By Dave Ongie
From a school library in Gate City, Virginia, to the infield of Bristol Motor Speedway to a letter of support for Ballad Health penned by chambers of commerce from around the region, one phrase kept popping up last week: Accountable Care Community.
The phrase itself is not new, but according to Ballad Health CEO Allan Levine, the emphasis now being placed on the phrase in our region is packed with purpose.
“The Accountable Care Community, it’s one you should start talking to us about,” Levine said during a stop at Shoemaker Elementary School in Gate City, Virginia, last Wednesday to announce a partnership between Ballad and seven local United Way chapters to boost literacy amongst elementary-aged students. “It’s a huge collective impact approach. Imagine the power of 150 not-for-profit organizations coming together and saying we’re going to solve three things – strong starts for children, childhood obesity and addiction. We want to focus on those things, and that’s very powerful.”
In the same vein, the push for regionalism in our area is not new, but Ballad Health is in a unique position to put the idea of regionalism into action given the healthcare provider’s geographical footprint in the aftermath of a long-anticipated merger between Mountain States Health Alliance and Wellmont.
Just over a year after the merger was officially completed, Levine was on the road last week forging visible partnerships he hopes will strengthen ties between organizations in our region and redefine Ballad as more than just a medical provider.
The first stop was in Gate City, where Ballad announced the partnership with the United Way in a pilot initiative designed to increase grade-level reading and improve reading proficiency of children in our area. Ballad has been operating a reading program called B.E.A.R. Buddies, which connects volunteer mentors and elementary students that are at least six months behind on their grade level for reading. Likewise, the United Way of Washington County TN launched a reading program called Vello this past fall with a focus on helping local students meet the critical third-grade reading benchmark.
But Levine sees this size and scope of this new partnership is evidence of the Accountable Care Community in action. All told, $300,000 is being invested in this new reading initiative – $100,000 from the United Way, $100,000 from the Ballad Health Foundation and $100,000 from contributions made by Ballad employees during a recent campaign.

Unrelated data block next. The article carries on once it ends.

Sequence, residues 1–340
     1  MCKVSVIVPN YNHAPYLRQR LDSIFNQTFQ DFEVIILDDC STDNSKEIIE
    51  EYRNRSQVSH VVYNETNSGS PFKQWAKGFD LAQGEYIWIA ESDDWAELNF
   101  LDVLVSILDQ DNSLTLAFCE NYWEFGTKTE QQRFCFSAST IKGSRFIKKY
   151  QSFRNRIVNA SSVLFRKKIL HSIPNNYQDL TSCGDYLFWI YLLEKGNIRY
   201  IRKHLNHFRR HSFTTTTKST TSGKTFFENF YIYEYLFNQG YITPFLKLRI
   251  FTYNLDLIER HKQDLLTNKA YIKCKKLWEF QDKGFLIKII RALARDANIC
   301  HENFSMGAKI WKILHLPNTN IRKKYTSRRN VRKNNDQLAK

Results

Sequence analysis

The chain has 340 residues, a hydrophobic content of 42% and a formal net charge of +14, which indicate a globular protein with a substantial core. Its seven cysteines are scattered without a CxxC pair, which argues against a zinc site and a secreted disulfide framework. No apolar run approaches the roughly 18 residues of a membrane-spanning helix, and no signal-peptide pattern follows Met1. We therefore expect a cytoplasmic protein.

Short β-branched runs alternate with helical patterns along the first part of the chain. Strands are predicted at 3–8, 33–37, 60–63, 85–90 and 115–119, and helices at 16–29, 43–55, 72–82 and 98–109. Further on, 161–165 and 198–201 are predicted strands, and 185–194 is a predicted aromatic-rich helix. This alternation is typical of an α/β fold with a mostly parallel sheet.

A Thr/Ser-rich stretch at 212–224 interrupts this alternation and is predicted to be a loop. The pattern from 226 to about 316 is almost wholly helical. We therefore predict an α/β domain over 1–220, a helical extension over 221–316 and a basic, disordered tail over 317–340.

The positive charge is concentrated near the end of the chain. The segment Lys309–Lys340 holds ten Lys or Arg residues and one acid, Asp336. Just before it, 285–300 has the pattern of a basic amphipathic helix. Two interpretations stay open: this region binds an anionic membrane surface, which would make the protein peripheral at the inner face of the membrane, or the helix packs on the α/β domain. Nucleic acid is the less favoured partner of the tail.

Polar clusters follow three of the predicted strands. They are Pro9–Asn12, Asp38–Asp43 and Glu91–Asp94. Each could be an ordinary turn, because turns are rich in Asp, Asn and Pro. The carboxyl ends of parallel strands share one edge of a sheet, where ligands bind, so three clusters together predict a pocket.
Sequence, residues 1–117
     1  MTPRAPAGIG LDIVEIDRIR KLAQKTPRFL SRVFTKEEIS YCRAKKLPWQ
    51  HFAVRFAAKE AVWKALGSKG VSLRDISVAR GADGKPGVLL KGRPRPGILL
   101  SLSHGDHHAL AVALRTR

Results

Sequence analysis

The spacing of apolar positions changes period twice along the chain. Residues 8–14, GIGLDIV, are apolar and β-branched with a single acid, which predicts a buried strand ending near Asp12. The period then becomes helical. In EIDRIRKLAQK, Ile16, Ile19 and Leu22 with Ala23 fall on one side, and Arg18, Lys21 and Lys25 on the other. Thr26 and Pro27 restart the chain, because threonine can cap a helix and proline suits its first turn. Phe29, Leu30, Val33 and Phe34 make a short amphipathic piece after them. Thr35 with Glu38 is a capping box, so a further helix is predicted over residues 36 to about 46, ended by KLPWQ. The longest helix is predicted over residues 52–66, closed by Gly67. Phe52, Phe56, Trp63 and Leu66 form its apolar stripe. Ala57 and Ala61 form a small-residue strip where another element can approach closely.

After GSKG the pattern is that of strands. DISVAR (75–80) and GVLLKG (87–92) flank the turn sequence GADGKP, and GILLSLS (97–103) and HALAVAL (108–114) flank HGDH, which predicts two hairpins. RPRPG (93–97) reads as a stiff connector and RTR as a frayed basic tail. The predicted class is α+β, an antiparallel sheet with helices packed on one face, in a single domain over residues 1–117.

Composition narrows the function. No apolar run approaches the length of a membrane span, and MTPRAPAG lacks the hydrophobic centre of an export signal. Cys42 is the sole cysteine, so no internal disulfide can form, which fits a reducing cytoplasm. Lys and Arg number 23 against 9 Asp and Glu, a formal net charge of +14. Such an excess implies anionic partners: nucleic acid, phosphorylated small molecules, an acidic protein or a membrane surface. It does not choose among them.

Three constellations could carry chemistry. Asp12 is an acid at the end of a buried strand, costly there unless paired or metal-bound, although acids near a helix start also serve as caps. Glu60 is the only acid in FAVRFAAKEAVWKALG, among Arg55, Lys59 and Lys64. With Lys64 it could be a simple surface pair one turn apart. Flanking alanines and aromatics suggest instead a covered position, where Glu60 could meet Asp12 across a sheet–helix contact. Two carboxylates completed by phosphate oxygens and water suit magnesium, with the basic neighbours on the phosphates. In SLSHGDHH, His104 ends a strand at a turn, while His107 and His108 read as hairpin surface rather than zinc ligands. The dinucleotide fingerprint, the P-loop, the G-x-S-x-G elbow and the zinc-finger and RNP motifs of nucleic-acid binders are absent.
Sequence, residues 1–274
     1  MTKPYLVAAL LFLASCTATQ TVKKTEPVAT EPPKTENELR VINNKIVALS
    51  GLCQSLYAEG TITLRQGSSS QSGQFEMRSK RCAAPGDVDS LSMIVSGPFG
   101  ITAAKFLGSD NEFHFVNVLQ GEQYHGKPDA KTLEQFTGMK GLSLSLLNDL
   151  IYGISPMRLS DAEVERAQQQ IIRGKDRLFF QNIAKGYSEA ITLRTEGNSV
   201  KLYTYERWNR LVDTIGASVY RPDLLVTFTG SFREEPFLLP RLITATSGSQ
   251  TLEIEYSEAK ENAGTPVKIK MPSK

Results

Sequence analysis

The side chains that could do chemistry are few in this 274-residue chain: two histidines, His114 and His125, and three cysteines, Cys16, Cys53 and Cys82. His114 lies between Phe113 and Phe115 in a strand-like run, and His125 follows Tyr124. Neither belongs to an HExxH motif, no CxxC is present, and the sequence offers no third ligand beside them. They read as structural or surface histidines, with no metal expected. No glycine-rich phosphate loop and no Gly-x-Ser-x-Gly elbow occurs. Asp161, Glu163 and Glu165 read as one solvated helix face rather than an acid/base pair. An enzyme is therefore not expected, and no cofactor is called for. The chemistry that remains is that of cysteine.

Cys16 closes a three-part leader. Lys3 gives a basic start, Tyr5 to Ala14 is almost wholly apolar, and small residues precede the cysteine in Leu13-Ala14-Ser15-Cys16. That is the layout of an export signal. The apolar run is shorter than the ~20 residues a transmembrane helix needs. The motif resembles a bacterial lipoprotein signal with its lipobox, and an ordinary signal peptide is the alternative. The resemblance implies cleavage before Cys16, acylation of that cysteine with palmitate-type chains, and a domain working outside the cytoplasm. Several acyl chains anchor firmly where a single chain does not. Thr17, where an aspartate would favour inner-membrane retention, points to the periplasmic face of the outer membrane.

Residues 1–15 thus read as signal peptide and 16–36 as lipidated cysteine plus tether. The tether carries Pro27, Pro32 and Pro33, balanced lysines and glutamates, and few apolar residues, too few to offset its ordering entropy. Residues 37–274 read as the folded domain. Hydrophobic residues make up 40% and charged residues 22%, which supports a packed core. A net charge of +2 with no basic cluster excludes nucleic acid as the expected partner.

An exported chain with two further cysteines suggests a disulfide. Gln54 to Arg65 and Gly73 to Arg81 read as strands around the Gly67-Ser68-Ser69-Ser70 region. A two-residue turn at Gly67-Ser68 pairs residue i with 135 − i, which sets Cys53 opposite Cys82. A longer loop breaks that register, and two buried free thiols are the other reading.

“One of the greatest things about Ballad’s creation is it sort of created an environment where we can facilitate this type of partnership, which will make a difference,” Levine said. “Ballad is more than just a medical company. We’re a health improvement organization, and the data shows that if a child can read at grade level by third grade, they’re more likely to become seniors in high school and graduate, and all of their health status improves because of that.”
On Thursday, a letter of support for Ballad Health signed jointly by chambers of commerce and economic partnerships from around the region was released, and the importance of establishing an Accountable Care Community was reiterated.
“Another major initiative the chambers are participating in is the Accountable Care Community, where key leaders from business, health care, government and the region’s United Ways in the two states met to begin addressing all of the health population metrics,” the letter read. “We are pleased to say that the Accountable Care Community has entered the next stages of implementation, with the formation of a twenty-person leadership committee and over 150 organizations from NE TN/SW VA working to focus on a few impactful metrics we believe will align with the states goals and will fundamentally improve health in the region.”
About the time the letter was released, one of the men who signed it was standing in the infield of Bristol Motor Speedway introducing Levine to talk about a partnership between Ballad and Bristol Motor Speedway. Jerry Caldwell, the executive vice-president and general manager of BMS, was the chair of the Bristol Chamber of Commerce last year and has long championed strong regional partnerships in his role at the speedway.
As Caldwell announced that Ballad would be committing 85 medical professionals and 75 off-duty EMS officials to the track’s 10 on-site medical care centers during events at the track, he once again stressed the importance of putting regionalism in action.
“It takes our whole community, our entire region to welcome people from all over the world the way we do,” Caldwell said. “We applaud Ballad Health’s commitment to providing this generous contribution and for delivering outstanding care to the region through their planned regional trauma and emergency care system.”